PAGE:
Purer vanadium deposits set to meet demand

Materials World magazine
,
1 Oct 2017

Michael Schwartz examines the use of vanadium and its development in the future. 

Vanadium is predominantly employed as an additive to steel, although in recent years vanadium phosphates have been promoted as the critical electrolyte in vanadium redox flow batteries (VRFB) and the cathode in a form of lithium-ion battery. One company heavily involved in vanadium mining is Largo Resources, Canada.

Largo’s CEO Mark Smith sets the scene, ‘Over 90% of the vanadium produced in the world is still used in the steel industry and about 50% of that is in the form of rebar. Hence, vanadium is largely involved in the construction and infrastructure industries. However, its use in flow batteries is also growing rapidly right now, with more vanadium used in this sector last year than all prior years combined. 

‘According to the vanadium redox battery (VRB) industry forecasts, this sector may need 25,000 – 30,000t/y of vanadium by about 2025. This would be almost 40% of today’s production per year.’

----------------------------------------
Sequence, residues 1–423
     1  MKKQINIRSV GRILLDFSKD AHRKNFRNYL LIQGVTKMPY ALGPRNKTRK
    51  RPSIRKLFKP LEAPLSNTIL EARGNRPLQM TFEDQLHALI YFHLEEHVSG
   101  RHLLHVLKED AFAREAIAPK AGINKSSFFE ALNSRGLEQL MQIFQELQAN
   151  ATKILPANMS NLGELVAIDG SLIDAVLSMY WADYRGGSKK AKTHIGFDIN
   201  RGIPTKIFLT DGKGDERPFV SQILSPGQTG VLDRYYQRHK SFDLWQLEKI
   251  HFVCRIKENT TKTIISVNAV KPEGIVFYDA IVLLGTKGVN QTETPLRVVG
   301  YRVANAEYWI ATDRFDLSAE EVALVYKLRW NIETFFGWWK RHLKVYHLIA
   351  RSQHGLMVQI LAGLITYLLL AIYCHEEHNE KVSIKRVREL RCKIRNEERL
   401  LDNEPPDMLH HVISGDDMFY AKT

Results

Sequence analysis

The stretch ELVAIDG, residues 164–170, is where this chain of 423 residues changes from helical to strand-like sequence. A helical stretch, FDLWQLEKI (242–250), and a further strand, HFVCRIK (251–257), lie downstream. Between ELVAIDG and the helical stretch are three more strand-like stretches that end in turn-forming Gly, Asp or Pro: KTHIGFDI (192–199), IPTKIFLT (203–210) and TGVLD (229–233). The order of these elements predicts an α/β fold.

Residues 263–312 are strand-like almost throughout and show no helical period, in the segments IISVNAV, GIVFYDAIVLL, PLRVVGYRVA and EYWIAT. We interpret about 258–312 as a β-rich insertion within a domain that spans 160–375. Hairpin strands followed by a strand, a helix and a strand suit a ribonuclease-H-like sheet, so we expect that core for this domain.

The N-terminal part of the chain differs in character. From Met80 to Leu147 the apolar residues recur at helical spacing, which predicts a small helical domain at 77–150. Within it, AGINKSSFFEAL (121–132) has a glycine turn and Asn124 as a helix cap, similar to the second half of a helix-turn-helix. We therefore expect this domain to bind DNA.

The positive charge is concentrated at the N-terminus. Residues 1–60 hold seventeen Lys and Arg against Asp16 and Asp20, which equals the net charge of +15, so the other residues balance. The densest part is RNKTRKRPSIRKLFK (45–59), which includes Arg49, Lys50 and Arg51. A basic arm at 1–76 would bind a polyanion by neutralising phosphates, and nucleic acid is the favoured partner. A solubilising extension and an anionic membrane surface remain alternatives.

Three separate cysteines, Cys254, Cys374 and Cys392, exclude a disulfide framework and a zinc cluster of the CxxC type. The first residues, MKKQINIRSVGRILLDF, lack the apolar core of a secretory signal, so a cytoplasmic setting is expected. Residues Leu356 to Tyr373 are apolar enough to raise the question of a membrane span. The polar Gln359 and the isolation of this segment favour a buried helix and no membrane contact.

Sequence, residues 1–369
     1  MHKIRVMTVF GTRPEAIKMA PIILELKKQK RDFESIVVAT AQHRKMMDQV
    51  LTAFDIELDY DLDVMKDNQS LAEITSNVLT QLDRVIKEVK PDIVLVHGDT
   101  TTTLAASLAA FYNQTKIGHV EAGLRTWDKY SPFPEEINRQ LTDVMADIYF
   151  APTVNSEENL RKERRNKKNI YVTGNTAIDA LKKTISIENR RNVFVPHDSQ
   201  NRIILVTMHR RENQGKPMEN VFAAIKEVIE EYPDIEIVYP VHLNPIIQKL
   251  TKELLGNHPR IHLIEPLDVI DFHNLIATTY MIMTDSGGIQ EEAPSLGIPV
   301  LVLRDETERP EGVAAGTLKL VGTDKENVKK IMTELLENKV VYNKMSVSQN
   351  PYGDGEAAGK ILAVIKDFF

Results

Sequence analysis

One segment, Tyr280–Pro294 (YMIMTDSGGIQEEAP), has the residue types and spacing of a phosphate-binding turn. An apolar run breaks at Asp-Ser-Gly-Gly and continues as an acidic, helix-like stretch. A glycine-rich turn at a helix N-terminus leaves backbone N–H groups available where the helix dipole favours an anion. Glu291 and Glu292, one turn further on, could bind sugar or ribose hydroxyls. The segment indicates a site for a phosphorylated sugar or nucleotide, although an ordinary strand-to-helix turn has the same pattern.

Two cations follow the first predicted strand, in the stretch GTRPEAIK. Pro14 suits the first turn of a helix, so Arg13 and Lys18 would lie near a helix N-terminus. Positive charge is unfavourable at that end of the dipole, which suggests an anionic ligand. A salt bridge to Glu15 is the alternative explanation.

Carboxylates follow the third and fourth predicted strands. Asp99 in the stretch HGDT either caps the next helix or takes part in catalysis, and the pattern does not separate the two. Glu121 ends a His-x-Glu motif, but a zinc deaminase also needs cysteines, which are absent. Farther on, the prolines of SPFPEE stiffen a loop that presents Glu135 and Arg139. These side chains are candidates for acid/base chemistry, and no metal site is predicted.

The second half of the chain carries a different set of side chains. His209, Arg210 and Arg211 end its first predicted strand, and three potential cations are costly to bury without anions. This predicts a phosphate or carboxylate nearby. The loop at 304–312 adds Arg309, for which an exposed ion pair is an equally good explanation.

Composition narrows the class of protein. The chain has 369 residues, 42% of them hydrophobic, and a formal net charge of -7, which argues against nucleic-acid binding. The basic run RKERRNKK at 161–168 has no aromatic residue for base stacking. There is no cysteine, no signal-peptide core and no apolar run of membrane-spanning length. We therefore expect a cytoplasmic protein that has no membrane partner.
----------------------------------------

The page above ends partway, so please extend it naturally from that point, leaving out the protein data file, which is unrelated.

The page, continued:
Vanadium is widely distributed globally, but it is difficult to identify and separate. It is estimated that it is found in around 65 minerals as well as fossil fuel deposits. Smith points out that Largo’s ore body is primarily a magnetite structure and that ‘the vast majority of our vanadium is contained in the magnetite’. He adds, ‘By utilising simple magnetic separation techniques, we can recover the valuable vanadium. Indeed, our entire process, starting with mining and ending with V2O5, currently demonstrates a recovery of over 75%.’

Largo Resources

Located in Brazil, the Maracás Menchen Mine forms the focus of Largo Resources’ operations. Largo has stated that its vanadium deposit at Maracás Menchen is ‘the highest-grade…yet discovered’, and that it is in an ideal position for VRBs requiring a particularly high quality.

Smith clarifies, ‘Our NI 43-101 resource report shows an average ore grade of 1.17% V2O5, which is over two times higher than the next best vanadium primary mine. Our unit production cost per pound of V2O5 is about $3.50. This places Largo in the top three in terms of low production costs. We produce V2O5, otherwise known as vanadium pentoxide, and we produce it in flake form. By December 2017, we will also be able to produce V2O5 in powder form.’